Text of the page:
Coming to coaching with a masters degree in kinesiology and exercise science; experience as a college swimmer, triathlete, and marathon runner; and specific training in triathlon coaching, Kainoa made all the difference for Craig.
“The key for my training, and I believe it applies to older people in general, especially those new to the sport, was to start by getting my body ready for triathlon. I started by strengthening my core. I also built up the muscles around my knees and hips. After awhile, I started to swim consistently with the Masters team. Then, finally, I began to run.”
Craig’s Advice On Training For Senior Triathletes
Craig has now completed over 20 triathlons, including 17 sprints and four Olympic distance triathlons. In April, 2021, Craig completed his first Ironman 70.3 in Des Moines, Iowa. Not stopping there, Craig is scheduled to compete in the Victoria, British Columbia, Canada Ironman 70.3 on May 29, 2022.
Given where he started from, Craig Cross is worth listening to for advice on training, especially if you are not sure you can complete a triathlon.
“If you are serious about keeping going with triathlon as a senior, join a club and hire a coach, especially if you are doing longer distance races.”Craig Cross, Ironman triathlete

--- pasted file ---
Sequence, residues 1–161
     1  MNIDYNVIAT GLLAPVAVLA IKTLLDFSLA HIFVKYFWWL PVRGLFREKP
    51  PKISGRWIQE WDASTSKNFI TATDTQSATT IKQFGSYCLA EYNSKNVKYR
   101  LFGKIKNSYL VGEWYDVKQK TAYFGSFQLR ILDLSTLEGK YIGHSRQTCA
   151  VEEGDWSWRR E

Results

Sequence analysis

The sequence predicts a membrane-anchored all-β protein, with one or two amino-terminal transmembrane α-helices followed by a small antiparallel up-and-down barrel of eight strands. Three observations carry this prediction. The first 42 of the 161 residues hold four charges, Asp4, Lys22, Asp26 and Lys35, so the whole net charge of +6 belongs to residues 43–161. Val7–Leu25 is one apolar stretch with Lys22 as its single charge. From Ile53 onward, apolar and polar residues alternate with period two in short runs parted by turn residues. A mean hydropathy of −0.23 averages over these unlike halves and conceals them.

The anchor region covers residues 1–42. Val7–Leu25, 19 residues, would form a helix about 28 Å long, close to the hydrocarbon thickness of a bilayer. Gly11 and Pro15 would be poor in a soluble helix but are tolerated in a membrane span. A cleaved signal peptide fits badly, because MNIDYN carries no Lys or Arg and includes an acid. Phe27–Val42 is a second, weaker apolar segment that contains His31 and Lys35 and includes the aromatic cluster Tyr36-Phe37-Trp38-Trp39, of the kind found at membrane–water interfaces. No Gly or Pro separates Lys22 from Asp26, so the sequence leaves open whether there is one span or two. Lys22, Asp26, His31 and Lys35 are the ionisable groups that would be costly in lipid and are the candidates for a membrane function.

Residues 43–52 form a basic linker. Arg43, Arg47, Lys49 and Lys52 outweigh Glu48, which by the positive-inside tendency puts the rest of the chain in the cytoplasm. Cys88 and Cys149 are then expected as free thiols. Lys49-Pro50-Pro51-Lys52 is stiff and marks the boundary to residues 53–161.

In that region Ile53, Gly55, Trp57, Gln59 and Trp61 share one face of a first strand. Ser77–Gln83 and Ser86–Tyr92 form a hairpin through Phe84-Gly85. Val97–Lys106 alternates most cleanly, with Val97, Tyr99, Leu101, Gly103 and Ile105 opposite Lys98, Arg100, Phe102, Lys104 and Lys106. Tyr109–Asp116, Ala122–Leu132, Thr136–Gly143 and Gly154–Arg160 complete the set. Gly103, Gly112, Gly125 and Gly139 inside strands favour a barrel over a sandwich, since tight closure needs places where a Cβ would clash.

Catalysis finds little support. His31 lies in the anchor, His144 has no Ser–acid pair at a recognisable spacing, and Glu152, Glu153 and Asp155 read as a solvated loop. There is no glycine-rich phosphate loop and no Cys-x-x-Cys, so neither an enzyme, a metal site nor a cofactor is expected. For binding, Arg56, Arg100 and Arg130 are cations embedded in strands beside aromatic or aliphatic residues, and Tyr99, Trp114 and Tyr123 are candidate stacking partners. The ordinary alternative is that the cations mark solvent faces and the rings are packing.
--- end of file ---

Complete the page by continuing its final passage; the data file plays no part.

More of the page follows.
Use Other Senior’s Experience With Triathlon
During most of the year, when preparing for a sprint or Olympic triathlon, Craig trains six days and rests one day each week. Some of the time he trains with the triathlon club or Masters swim team and other times he is on his own.
A typical training week includes two open water swims, two bike rides of 20 to 30 miles each, a 5 km run on one or two days, and one 10 km run. Craig also lifts weights two days per week.
Being part of a triathlon club and Masters swim team has been invaluable.
“It may sound strange for someone in their 60s, nearly 70, to say they are being mentored. But that is precisely what one of the guys on the triathlon team is doing. This man, who is in his 70s and doing full Ironman triathlons, has helped me understand the importance of recovery.
“Recovery is important for triathletes in general. However, for seniors, recovery is a HUGE deal. Recovery takes longer with age.
“This gentleman also holds me a little bit accountable. For example, if I miss an open water swim, the next time I show up he will ask ‘Where were you last time?’
“Being part of a team is one key to progressing and continuing in triathlon.”
Hire a Coach With the Right Experience for Longer Distance Triathlons
The second key to competing in triathlon as a senior is to hire the right coach, especially for longer distance (half and full Ironman) races. Craig emphasizes the need to have a coach, like Kainoa, who understands the unique needs of the older athlete.
Craig now hires Kainoa as his coach for the six months before a longer distance race. During other times, Craig trains using the schedule of the typical training week described above and competes in sprint or Olympic distance events.
“Kainoa develops a schedule in TrainingPeaks that helps me build endurance. While I am not fast, I am ‘forever’.